Everyone knows they should have a budget. But there's precious little research on how to go about it and what works best.
A new study in the Journal of Consumer Research found that people who made annual budgets were more accurate than those who made monthly ones. They also found that peoples' perception of their budget-making abilities affected the accuracy of the budgets.
During the study, researchers asked participants of various income levels to estimate their budgets for the next year and the next month. They also asked them how difficult budgeting was and told them a variety of stories about the challenges of budget preparation.
Authors Gülden Ülküman (University of Southern California), Manoj Thomas (Cornell University), and Vicki G. Morwitz (New York University) found that, contrary to popular advice, people were more accurate when constructing an annual rather than a monthly budget, even when they were logging their expenses weekly.
The researchers believe the annual budgets were more accurate because they were actually more difficult to construct, whereas people tended to be over-confident when preparing monthly budgets. The accuracy of the annual budgets improved when people were told the difficulty they experienced would result in more accurate budgets.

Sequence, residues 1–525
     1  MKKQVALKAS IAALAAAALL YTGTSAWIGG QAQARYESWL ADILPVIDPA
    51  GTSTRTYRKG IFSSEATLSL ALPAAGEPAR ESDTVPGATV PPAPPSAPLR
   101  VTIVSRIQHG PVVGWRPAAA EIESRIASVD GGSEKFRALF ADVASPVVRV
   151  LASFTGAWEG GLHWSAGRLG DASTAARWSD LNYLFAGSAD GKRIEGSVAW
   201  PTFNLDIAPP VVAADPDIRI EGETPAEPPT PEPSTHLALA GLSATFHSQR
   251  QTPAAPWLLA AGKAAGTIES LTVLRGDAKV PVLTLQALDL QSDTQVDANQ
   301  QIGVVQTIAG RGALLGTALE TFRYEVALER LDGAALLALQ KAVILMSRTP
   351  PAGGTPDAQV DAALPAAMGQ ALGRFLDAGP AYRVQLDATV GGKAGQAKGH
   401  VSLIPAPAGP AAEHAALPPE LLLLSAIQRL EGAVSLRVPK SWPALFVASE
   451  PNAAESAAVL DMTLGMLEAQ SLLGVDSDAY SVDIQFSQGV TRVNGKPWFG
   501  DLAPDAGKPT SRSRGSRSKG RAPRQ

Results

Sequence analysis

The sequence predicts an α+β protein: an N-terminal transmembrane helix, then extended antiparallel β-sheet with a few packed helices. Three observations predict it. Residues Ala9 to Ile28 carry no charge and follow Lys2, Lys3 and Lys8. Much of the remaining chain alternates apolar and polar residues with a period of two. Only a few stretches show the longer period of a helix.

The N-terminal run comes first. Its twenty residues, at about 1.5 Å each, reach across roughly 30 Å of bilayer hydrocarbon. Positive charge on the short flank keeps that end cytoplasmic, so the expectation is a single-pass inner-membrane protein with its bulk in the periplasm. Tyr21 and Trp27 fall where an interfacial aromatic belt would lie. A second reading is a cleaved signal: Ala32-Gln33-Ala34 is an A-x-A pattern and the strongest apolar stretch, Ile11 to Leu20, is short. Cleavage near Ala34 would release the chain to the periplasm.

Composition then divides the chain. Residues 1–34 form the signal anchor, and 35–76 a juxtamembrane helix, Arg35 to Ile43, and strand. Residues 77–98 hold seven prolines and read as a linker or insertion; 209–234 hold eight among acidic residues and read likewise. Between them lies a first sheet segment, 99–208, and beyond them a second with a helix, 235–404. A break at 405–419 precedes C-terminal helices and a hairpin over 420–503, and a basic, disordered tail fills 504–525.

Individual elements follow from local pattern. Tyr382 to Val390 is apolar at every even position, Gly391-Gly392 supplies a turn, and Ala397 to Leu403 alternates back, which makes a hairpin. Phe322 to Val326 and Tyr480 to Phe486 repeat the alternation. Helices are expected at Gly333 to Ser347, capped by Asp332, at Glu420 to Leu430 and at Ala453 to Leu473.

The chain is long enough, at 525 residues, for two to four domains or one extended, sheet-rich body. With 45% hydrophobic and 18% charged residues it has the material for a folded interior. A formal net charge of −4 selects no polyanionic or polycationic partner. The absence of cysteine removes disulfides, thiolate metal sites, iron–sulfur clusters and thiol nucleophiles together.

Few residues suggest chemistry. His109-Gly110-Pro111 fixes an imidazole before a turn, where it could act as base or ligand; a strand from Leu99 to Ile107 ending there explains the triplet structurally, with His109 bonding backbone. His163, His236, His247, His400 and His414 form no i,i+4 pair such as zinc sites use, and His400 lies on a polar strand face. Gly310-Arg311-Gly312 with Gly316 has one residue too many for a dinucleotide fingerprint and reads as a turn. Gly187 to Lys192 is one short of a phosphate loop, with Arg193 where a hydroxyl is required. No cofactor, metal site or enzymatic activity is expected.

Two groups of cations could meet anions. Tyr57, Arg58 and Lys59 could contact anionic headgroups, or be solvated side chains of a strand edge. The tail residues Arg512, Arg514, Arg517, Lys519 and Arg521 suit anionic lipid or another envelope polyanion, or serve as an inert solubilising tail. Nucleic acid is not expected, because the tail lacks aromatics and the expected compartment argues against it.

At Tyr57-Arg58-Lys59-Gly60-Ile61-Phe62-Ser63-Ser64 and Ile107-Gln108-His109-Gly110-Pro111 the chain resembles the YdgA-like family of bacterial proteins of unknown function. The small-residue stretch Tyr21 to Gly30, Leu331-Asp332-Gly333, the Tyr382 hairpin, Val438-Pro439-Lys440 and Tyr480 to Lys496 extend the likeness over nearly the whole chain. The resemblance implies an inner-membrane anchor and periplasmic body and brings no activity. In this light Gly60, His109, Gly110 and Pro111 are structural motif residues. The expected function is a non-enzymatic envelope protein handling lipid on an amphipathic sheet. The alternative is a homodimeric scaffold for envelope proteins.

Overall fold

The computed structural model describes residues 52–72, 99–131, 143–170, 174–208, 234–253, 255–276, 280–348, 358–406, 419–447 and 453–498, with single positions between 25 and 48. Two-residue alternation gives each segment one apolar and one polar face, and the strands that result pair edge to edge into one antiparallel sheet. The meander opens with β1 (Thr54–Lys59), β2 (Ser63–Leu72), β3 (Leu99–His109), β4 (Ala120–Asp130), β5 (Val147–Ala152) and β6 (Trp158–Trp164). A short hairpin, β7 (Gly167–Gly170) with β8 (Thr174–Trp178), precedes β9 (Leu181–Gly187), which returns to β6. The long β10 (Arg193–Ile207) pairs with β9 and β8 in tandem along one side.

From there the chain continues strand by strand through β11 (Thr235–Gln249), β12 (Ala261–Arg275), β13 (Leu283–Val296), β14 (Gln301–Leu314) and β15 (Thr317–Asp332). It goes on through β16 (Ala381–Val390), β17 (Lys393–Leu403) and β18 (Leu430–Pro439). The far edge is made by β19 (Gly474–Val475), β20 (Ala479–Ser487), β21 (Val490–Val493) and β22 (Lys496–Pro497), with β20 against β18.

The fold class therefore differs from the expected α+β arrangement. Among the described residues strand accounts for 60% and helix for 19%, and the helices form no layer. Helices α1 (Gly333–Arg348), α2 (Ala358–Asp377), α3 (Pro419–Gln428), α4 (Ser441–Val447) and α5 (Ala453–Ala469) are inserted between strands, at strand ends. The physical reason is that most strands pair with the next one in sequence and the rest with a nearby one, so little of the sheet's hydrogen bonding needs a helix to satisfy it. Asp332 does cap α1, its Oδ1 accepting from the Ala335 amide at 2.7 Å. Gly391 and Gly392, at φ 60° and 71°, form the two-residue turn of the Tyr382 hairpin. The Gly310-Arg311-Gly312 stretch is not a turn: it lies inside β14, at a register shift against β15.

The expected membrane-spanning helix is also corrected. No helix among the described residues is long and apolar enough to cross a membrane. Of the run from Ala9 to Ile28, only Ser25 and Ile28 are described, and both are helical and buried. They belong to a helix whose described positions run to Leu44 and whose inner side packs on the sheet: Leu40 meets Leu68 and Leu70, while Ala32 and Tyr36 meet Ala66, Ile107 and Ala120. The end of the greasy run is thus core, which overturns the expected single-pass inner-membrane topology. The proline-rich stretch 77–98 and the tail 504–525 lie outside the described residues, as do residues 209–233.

"Consumers' default tendency is to underestimate their budgets, for both next month and next year frames," write the authors. "However budgets for the next year are closer to recorded expenses because consumers feel less confident when estimating these budgets, and therefore, adjust them upward."
The authors propose that the best way to prepare a budget is to make an annual budget and divide by 12. They also recommend removing distractions when budgeting, since programmed distractions tended to reduce the accuracy of the research subjects' budgets.
One unusual finding: People who were told that budgeting was difficult estimated more accurately than people who were reassured that it was easy. "Ironically, lack of confidence, in the context of budget estimation, seems to be a virtue," the authors conclude.